conductivity and equipotential for everything inside a building - at
    about $1 per protected appliance.

    Protectors properly sized so that these scary pictures need not
    occur: Protectors.pdf

    Disconnecting undersized MOVs is a backup system. When protectors
    use grossly undersized MOVs then human safety is dependent only on a
    backup system.

    Bud promotes for the plug-in protector industry. He fears you might
    learn of those human safety threats and learn why that short connection
    to earth is essential. We don't stop or absorb lighting surges. We
    earth them so that appliance internal protection is not overwhelmed.
    We earth transients using a protector properly sized so that those
    scary pictures are irrelevant. Even Bud's own citation in figure 8
    shows televisions at 10,000+ volts when only using a plug-in protector.
    Somehow he calls that effective protection.
  19. Bud--

    Bud-- Guest

    For those who can read, the IEEE guide cited uses Fig 8 to explain how
    SREs work. For those who can read the IEEE guide clearly recognizes
    plug-in surge suppressors as effective.
    The application of SREs in the IEEE guide is simple and straightforward.
    Your claims that engineering expertise is required, considering the
    whole room is nowhere in the guides or any other paper and is willfull
    One of the authors of the Upside-Down house papers was Martzloff, who
    wrote the NIST guide which recognizes plug-in surge suppressors as
    effective. Another author was Dr. Mansoor. Yor previous comments
    provoked the following from an EE:
    "I found it particularly funny that he mentioned a paper by Dr. Mansoor.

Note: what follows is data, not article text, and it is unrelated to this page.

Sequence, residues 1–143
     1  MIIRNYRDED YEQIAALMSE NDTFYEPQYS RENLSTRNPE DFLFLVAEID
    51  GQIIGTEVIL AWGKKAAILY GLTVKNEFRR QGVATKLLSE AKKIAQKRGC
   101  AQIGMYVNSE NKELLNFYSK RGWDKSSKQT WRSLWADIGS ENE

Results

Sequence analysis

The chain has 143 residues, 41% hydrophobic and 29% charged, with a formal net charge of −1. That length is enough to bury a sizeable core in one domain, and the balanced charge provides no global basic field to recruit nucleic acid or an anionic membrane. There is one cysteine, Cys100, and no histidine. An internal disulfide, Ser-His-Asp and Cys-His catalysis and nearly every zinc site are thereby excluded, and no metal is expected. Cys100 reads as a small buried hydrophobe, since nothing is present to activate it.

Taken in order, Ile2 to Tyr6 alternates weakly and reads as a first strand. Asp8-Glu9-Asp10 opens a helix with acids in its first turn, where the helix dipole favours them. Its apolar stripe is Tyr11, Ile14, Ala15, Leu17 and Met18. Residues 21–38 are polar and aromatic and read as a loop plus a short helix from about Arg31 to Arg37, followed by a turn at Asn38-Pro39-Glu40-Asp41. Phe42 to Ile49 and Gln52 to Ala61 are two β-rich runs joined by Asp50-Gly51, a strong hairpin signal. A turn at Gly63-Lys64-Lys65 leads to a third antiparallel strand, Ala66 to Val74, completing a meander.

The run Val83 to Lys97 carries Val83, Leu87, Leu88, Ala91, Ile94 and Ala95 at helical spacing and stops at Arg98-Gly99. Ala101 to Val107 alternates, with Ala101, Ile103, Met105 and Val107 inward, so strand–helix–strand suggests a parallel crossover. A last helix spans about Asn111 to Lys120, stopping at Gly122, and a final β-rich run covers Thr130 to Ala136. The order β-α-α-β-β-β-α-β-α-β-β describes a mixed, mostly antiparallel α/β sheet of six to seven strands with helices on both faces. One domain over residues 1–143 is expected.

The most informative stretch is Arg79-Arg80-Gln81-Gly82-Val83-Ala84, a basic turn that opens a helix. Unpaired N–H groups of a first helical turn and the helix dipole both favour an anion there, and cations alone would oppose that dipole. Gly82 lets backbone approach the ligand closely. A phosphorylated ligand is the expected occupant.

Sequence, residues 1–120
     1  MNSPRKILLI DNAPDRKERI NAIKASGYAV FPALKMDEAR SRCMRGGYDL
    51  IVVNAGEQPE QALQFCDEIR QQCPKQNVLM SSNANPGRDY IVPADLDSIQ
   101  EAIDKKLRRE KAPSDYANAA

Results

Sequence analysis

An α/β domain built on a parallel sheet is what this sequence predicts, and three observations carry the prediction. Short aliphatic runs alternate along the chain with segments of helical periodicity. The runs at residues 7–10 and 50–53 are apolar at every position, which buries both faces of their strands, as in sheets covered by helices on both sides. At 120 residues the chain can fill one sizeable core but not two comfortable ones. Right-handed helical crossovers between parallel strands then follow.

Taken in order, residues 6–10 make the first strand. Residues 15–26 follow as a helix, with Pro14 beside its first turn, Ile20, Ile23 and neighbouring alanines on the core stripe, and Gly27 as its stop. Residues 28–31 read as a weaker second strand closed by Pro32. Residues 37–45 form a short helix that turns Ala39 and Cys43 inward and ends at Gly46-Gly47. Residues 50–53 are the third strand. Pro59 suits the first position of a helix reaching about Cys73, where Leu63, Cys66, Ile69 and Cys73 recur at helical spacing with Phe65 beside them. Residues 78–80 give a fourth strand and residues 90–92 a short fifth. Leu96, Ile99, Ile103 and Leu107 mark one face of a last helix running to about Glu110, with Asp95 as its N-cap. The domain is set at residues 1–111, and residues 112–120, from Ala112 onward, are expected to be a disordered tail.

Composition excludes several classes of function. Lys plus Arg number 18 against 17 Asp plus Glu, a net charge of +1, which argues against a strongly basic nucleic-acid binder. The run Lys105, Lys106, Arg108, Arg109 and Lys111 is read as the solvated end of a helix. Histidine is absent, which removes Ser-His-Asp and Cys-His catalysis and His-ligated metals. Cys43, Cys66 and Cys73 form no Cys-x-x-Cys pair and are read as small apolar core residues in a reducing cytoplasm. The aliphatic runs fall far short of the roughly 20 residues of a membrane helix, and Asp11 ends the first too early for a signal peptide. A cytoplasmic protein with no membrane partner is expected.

I can assure you that he supports the use of suge equilization type
    plug-in protectors. Heck, he just sits down the hall from me. LOL"
    Progection decisions are a tradeoff of progection cost, risk and value
    of protected equipment. Protecing a clock radio wouldn't make sense.
    Protecting a home theater system does. As does protecting a computer,
    primarily because of the value of the data and software contents and the
    time required to set up a new one.
    And the required statement of religious belief.

    A repet of your pathetic scare tactics. As stated previously, UL
    standards now require disconnect of failing MOVs.
    And the political trick back again.

    The IEEE and NIST guides clearly say that plug-in suppressors are
    Links to sites that say plug-in suppressors are effective: 2
    Your links to sites that say plug-in suppressors are not effective: still 0

  20. Bud--

    Bud-- Guest

    I really don't understand your comments. What I have said is
    consistently based on the IEEE guide at:
    and an equivalent guide from the NIST at:
    They guides were writen by 6 EEs as guides to the general public on
    surges and surge protection. I don't where you could better find people
    with "skills qualifications and experience in the science and
    engineering of the matter" than the IEEE and NIST. The author of the
    NIST guide has written many published papers on surges and protection.

    I have not quoted "those with $" in this thread and have never used them
    as authorities.

Ask a Question
Want to reply to this thread or ask your own question?
You'll need to choose a username for the site, which only take a couple of moments (here). After that, you can post your question and our members will help you out.
Electronics Point Logo
Continue to site
Quote of the day